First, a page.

A nominee more favourable towards China-US ties may be private equity billionaire Wilbur Ross, Trump’s nominee to head the Commerce Department. Tough China trade policy will be in large part enacted by Ross, but the evolution of his views on China makes it difficult to anticipate his actions in office. He has compared American industrial policy to Chinese five-year plans, and in 2012 stated that “China-bashing is wildly overdone” and “if something were to happen that cost China jobs, like if they upwardly revalued the currency a lot, those jobs aren’t going to come back to the U.S.” However, his stance has appeared to have hardened against China in recent months, with Ross and Navarro writing a paper claiming that “in a world of freely floating currencies, the U.S. dollar would weaken and the Chinese yuan would strengthen because the U.S. runs a large trade deficit with China and the rest of the world” and “when auto companies like GM or Ford build new factories in China or Mexico rather than in Michigan or Ohio, additional jobs are also lost throughout the economy.”

On Ross, art collector Larry Warsh has said that Ross’ history of “cultural exchange sets an amazing foundation for economic exchange. That’s something important to have when you’re dealing with China,” and John Thorton of Goldman Sachs claims that “he will be a positive influence on the U.S.-China relationship.” The New York Times points out that “for all the anti-China commentary, Mr. Ross has been a frequent visitor in the past two decades.”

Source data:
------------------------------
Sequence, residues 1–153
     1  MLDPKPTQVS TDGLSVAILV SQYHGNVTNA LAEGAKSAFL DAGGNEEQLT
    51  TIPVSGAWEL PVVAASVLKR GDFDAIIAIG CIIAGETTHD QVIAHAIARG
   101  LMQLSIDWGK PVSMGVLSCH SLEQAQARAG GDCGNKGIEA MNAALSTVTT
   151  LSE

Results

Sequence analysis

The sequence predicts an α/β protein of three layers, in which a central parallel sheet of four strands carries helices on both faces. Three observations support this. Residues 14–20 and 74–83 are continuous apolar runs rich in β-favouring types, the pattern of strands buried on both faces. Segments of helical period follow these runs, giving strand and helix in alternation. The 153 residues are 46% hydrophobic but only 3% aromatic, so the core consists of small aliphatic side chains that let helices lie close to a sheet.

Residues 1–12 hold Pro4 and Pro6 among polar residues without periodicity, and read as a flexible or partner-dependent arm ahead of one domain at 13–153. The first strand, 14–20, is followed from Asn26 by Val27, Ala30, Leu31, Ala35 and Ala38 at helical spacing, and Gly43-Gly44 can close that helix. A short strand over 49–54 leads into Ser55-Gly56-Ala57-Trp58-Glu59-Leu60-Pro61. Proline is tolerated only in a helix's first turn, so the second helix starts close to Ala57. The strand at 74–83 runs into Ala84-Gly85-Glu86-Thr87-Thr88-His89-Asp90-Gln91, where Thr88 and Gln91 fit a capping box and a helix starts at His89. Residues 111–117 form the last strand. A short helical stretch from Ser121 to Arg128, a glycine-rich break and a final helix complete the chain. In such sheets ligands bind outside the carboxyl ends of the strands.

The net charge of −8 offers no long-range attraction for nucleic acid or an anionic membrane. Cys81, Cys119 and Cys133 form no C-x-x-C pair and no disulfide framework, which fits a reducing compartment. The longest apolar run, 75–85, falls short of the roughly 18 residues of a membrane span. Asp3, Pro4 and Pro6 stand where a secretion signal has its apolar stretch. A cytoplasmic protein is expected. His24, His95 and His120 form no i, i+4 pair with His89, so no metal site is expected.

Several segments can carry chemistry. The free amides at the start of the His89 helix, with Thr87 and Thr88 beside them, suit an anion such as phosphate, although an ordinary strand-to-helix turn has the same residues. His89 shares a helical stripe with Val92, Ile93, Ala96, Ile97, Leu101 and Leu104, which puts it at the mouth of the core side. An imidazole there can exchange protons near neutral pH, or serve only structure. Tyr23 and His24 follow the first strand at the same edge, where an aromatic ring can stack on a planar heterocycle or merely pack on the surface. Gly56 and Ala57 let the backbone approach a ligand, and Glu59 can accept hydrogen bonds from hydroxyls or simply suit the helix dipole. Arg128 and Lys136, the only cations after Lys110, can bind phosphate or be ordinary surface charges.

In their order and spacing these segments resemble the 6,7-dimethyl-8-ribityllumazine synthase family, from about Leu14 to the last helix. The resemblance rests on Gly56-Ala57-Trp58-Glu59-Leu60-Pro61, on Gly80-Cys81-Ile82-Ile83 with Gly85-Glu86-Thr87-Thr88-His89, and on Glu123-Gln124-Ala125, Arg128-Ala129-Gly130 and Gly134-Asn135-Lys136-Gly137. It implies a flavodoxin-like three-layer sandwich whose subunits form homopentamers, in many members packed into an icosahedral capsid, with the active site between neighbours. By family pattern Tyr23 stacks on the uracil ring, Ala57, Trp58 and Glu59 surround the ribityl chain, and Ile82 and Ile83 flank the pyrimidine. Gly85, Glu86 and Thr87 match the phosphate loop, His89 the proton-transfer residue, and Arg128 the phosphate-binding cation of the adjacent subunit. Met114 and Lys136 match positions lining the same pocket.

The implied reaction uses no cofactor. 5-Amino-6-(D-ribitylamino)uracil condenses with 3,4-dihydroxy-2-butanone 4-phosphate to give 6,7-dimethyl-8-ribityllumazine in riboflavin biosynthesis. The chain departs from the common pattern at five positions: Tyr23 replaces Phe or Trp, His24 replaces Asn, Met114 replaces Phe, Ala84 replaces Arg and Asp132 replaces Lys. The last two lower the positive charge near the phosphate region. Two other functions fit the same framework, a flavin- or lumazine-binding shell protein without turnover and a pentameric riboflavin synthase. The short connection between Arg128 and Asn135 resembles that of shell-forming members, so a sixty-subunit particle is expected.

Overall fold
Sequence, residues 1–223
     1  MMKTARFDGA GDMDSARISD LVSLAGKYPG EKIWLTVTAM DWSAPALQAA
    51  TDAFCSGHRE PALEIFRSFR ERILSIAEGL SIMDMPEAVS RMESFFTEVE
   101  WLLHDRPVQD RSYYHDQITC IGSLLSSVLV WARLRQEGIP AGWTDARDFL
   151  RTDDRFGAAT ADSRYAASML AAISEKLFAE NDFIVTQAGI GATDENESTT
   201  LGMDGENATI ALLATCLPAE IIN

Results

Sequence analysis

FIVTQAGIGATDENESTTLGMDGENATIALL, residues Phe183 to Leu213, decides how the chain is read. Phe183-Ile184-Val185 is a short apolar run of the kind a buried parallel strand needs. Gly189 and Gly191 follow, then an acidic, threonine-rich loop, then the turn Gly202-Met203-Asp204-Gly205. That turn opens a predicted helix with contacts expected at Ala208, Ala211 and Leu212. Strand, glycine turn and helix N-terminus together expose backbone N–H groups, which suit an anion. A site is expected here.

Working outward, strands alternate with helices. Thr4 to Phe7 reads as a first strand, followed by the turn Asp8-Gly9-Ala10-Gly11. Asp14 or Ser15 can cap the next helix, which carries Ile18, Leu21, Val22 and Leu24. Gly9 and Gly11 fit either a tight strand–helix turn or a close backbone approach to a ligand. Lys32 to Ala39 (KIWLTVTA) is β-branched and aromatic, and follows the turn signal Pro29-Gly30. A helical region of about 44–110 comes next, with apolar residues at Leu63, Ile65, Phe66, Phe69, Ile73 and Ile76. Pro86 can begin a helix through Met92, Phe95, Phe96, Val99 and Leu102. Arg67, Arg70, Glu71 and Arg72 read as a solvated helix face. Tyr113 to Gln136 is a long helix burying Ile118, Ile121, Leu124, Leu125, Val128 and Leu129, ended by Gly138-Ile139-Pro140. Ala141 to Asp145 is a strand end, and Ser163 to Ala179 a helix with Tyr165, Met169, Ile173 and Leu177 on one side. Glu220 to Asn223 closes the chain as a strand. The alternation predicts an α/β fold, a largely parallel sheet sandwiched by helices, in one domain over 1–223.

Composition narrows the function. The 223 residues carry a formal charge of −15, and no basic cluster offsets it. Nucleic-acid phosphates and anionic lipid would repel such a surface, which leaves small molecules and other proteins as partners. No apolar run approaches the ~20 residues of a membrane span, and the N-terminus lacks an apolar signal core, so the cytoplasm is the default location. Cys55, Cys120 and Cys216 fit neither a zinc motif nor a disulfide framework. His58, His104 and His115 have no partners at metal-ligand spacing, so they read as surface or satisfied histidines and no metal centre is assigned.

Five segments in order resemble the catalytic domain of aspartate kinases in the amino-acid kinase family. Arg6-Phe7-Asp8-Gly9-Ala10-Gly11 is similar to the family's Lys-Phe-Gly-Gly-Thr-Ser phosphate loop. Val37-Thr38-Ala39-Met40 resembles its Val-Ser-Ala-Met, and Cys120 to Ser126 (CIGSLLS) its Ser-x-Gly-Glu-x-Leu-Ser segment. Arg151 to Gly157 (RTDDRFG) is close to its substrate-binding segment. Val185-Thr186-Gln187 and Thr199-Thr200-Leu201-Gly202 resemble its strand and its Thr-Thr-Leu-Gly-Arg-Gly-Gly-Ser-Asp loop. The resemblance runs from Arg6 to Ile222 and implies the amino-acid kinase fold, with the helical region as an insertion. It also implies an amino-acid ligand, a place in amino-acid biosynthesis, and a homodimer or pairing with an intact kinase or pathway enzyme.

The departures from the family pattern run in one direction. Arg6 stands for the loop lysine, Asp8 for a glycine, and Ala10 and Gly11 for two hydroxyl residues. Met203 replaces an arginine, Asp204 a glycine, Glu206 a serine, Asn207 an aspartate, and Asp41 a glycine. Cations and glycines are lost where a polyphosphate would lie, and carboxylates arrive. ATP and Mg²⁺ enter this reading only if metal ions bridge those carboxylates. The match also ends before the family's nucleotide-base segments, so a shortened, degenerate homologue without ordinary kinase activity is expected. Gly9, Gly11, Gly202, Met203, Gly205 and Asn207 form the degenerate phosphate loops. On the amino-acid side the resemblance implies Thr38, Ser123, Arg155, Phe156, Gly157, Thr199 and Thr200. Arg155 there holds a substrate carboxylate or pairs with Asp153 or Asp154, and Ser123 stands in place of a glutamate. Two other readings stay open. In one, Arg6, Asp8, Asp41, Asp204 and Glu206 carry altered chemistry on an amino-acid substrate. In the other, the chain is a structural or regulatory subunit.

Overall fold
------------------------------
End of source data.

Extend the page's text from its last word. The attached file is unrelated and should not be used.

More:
Strong views against China in trade policy may be one reason for Trump picking former deputy US Trade Representative Robert Lighthizer to be the US trade representative, as Lighthizer has in the past recommended an “aggressive approach in dealing with China” and has said free trade “helps China become a superpower.” Further he has questioned “how does allowing China to constantly rig trade in its favor advance the core conservative goal of making markets more efficient?” and said that the “claim made in support of PNTR [Permanent Normal Trade Relations with China] that it would bring significant economic benefits to U.S. workers and businesses – was simply wrong” as “the current trend within China is away from further liberalization.”

On Lighthizer, a colleague has said that he will likely “use every tool available to create leverage to get China and anyone else to stop the cheating,” while Usha Haley of West Virginia University said the appointment indicates a “hard-line stance on Chinese trade.” The New York Times portrayed his selection as a “sign that Mr. Trump intends to fulfill his campaign promise to get tough with China.”

Finally, Wall Street attorney Jay Clayton, who worked on history’s largest initial public offering, by Chinese internet giant Alibaba, has been nominated to be chair of the Securities and Exchange Commission, while the former chairman and chief executive officer of Exxon Mobile Corp., Rex Tillerson, is Trump’s pick for Secretary of state, and has significant investments in China.

Need an account? Sign up